Silvertex Weaving Corporaton vs. Campo
G.R. No. 211411, March 16, 2016


Respondent Teodora F.  Campo claimed  that  she  worked  for  Silvertex Weaving Corporaton (STWC) as  a weaving  machine  operator. Prior to her  dismissal,  she  was  suspended  for  one   week after  a  stitching  machine  that  she  was  operating overheated  and  emitted  smoke  on.    When she tried to report back to work, she was denied entry by the STWC’s security guard, reportedly upon the instructions of Arcenal.


For their  defense,  the  petitioners  argued  that  the  respondent voluntarily  resigned  from  STWC  after she  was  reprimanded  for  poor  job  performance.   They  submitted  a handwritten  resignation  letter allegedly  executed  by  the  respondent  together  with  the  Waiver,  Release  and  Quitclaims Statement that  she  supposedly  signed  following  her  receipt  of ₱30,000.00 from STWC. The respondent, however, denied having executed the  resignation  letter,  the  quitclaim,  and  the  supposed  receipt of the ₱30,000.00.

LA Ruling:

After finding merit in the documentary evidence presented by the petitioners, the Labor Arbiter rendered a Decision dismissing the complaint for lack of merit.   Dissatisfied, the  respondent  appealed  to  the  National  Labor Relations  Commission  (NLRC).

NLRC Ruling:

The  NLRC issued  its  Resolution initially  granting  the  appeal. Upon  Motion  for  Reconsideration,  the NLRC  however reinstated  and  affirmed  in  toto  the  decision  of  LA.  It heavily  considered  a  Questioned  Document  Report  (QDR) from  the  Philippine  National  Police  (PNP)  Crime  Laboratory,  which purportedly  indicated  that  upon  examination,  the  disputed  signatures  on the  resignation  letter  and  quitclaim  were  written  by  the  respondent. The burden  to  disprove  the  authenticity  of  the  submitted  documents allegedly  fell  upon  the  respondent,  through  evidence  other  than a bare denial.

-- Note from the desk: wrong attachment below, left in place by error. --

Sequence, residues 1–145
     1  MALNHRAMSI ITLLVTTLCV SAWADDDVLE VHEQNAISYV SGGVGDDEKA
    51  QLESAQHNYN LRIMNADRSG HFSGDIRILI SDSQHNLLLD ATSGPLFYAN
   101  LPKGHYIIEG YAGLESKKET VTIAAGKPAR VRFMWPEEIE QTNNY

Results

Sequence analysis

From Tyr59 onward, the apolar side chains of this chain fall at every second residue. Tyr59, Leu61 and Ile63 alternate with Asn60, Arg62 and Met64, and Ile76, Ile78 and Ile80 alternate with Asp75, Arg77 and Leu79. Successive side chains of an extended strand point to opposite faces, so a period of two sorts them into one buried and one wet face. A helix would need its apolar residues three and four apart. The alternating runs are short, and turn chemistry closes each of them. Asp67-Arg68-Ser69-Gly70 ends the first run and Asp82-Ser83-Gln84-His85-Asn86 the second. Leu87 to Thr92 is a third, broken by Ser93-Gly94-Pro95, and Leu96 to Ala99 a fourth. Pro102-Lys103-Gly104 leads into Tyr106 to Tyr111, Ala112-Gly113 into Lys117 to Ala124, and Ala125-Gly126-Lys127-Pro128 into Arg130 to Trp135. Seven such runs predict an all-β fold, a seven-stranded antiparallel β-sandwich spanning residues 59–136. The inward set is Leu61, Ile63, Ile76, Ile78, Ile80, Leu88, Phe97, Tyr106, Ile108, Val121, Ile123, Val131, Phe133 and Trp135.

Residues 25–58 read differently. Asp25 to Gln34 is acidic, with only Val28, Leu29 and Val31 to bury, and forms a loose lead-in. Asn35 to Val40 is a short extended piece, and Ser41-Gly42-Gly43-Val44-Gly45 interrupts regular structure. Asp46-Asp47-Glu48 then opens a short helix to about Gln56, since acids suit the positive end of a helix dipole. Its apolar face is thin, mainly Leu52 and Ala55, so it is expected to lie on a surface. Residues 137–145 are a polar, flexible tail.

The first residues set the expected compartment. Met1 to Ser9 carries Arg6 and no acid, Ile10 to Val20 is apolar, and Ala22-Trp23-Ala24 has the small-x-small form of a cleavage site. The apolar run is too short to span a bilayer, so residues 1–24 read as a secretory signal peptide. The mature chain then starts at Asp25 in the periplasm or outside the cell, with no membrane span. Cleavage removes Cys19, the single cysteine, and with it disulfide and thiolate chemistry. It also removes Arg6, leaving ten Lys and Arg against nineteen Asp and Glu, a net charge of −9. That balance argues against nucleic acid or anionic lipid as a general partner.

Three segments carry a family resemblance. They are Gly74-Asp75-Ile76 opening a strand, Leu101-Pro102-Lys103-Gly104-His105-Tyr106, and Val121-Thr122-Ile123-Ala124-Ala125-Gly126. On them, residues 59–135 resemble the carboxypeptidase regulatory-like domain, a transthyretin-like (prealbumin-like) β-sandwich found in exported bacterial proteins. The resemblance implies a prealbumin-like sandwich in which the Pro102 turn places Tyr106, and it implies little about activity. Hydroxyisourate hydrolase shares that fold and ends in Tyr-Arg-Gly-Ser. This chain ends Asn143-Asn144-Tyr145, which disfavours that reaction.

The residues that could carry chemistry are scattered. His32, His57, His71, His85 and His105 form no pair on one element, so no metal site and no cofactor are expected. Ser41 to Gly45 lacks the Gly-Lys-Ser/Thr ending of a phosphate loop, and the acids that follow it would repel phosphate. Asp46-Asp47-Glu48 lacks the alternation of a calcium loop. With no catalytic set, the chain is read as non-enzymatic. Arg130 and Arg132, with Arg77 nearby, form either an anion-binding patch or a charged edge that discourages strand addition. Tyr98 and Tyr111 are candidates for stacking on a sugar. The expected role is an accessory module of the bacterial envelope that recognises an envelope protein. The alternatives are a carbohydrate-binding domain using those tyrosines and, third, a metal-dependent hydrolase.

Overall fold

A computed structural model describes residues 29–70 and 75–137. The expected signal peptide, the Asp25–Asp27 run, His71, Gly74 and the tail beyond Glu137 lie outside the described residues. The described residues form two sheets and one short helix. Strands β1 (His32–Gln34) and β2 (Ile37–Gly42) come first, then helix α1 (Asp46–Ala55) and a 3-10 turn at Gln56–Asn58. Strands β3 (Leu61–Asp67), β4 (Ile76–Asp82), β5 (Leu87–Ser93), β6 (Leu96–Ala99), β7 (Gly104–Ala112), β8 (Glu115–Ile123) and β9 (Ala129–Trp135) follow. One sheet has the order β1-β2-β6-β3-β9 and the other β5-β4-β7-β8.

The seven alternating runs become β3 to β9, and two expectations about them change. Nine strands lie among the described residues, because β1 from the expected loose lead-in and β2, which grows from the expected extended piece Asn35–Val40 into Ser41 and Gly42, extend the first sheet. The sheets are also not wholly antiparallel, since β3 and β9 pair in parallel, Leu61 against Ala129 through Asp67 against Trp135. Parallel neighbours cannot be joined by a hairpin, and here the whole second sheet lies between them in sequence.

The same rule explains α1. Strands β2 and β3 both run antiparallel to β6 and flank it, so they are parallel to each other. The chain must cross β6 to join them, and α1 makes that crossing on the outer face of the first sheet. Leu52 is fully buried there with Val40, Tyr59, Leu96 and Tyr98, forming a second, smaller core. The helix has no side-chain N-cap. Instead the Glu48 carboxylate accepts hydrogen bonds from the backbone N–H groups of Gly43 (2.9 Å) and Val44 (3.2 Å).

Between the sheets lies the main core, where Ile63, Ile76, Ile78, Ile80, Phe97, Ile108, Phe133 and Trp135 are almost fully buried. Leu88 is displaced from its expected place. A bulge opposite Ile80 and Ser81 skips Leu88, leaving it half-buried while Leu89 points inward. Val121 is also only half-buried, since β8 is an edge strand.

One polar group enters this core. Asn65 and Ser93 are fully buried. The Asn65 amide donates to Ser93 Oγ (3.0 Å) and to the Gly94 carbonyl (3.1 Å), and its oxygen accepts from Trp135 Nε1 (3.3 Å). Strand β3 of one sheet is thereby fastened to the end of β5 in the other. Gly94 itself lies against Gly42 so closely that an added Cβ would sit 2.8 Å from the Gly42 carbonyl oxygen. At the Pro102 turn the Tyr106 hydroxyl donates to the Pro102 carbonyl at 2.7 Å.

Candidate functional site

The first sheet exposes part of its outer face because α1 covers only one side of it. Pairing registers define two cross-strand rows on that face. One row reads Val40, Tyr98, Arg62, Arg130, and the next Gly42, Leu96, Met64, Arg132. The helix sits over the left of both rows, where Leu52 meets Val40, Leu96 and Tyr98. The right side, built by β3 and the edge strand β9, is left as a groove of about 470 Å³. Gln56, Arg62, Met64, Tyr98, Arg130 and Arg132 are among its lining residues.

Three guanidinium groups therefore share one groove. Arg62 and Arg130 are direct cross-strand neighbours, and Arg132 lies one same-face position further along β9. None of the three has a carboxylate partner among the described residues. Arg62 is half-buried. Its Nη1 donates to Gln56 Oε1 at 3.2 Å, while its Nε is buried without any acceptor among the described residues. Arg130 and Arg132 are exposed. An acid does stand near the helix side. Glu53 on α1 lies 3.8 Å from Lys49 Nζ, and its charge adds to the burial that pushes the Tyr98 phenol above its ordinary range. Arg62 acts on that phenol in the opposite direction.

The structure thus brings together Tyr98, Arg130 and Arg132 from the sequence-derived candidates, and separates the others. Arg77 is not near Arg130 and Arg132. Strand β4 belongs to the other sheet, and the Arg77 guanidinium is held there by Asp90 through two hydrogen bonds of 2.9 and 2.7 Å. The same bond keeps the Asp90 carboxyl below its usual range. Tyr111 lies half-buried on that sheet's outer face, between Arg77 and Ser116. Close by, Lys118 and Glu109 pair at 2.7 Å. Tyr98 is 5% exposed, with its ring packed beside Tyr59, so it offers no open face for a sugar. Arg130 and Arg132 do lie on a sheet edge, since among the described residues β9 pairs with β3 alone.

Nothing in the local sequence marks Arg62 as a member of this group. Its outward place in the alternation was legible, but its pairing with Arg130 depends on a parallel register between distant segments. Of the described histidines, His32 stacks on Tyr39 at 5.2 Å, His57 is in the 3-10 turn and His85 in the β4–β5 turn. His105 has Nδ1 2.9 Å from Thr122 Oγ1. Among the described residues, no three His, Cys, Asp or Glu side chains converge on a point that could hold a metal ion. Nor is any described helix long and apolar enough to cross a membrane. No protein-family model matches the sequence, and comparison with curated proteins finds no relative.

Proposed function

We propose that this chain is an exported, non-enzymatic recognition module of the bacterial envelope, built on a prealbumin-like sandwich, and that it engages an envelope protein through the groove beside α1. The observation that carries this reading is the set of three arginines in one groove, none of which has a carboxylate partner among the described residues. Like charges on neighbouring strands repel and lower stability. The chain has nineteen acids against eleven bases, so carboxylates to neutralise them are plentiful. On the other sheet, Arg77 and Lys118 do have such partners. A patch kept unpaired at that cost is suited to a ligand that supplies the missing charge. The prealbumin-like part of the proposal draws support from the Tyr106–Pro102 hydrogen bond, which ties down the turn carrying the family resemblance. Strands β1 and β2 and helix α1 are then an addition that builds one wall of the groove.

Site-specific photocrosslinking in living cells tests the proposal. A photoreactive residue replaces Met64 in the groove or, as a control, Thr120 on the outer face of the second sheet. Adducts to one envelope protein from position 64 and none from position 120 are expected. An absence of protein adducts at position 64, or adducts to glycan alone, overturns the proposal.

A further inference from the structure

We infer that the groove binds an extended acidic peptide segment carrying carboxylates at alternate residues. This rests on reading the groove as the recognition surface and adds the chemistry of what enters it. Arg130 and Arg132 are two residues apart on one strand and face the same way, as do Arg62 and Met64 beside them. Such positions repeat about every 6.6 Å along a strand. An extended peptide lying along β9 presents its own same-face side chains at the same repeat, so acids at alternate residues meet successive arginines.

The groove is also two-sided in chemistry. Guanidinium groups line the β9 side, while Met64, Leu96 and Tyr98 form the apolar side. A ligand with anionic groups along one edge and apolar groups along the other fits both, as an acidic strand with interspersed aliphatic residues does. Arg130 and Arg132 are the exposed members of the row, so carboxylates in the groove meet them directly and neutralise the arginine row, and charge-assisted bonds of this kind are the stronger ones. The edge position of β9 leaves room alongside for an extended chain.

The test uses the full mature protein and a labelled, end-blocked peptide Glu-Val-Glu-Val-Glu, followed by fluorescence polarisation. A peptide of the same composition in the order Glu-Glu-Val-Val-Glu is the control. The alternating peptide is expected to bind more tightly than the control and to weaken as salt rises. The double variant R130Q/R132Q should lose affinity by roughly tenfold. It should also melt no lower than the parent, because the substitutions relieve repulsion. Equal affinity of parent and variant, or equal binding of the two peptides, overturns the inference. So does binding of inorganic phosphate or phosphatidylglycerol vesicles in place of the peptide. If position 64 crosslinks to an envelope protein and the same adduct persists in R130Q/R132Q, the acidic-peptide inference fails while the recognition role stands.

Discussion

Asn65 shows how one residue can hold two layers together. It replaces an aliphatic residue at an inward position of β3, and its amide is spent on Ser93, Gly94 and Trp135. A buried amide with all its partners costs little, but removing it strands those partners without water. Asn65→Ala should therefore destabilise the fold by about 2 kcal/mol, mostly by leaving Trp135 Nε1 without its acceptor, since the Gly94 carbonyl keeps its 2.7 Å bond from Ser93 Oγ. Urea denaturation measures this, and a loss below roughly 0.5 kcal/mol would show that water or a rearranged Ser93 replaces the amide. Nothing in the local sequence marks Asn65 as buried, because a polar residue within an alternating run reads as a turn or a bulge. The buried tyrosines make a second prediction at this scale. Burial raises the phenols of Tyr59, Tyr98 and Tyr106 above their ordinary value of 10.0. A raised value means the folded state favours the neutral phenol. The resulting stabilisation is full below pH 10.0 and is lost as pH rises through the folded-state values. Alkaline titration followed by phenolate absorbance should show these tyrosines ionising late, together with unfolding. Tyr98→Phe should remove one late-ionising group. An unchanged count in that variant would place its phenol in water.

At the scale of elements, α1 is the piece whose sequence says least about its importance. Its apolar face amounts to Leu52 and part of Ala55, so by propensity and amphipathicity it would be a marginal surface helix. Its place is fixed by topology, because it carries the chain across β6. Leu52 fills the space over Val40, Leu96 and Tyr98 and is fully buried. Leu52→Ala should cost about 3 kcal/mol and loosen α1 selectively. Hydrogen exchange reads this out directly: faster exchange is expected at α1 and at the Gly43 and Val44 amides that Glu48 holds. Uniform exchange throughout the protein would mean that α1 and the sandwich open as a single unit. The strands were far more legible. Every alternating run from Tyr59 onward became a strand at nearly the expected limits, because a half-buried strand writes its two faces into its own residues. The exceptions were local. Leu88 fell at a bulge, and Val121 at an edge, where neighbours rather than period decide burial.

CA Ruling:

Feeling aggrieved, the respondent filed with the CA a petition for certiorari, which was later granted by the CA. Hence, the petition.


Whether or not the resignation and quitclaim were valid

SC Ruling:

The SC denied the petition.

The  employer  has  the  burden  of  proving  that  the employee was not dismissed, or, if dismissed, that the dismissal was not illegal. The petitioners attempted  to  discharge  the  burden  of  proving  the respondent’s  resignation  by  referring  mainly  to  a  letter  allegedly executed  by  the  respondent.

There were conflicting findings in the PNP QDR. The report mentions that alleged resignation letter did not appear to be written by the  same  person  who  signed  the  several  payroll  slips and Philhealth records although it matched the supposed handwriting of the respondent in her bio-data.

Clearly then, given the vehement claim of the respondent that her signature on  the  resignation  letter  was  a  mere  forgery,  the  evidence presented  by  the  petitioners  to  establish  their  defense  of  voluntary resignation failed to suffice.  Several other indicators cast doubt on the letter’s authenticity.

The authenticity and due execution of the undated Waiver, Release and Quitclaims Statement purportedly signed by the respondent was also not sufficiently established. The QDR was not conclusive on the issue of its genuineness. Even granting that such document was actually executed by the respondent, its execution was not fatal to the respondent’s case for illegal dismissal. The finding of illegal dismissal could still stand, as jurisprudence provides that “[a ]n employee’s execution of a final settlement and receipt of amounts agreed upon do not foreclose his right to pursue a claim for illegal dismissal.


error: Content is protected !!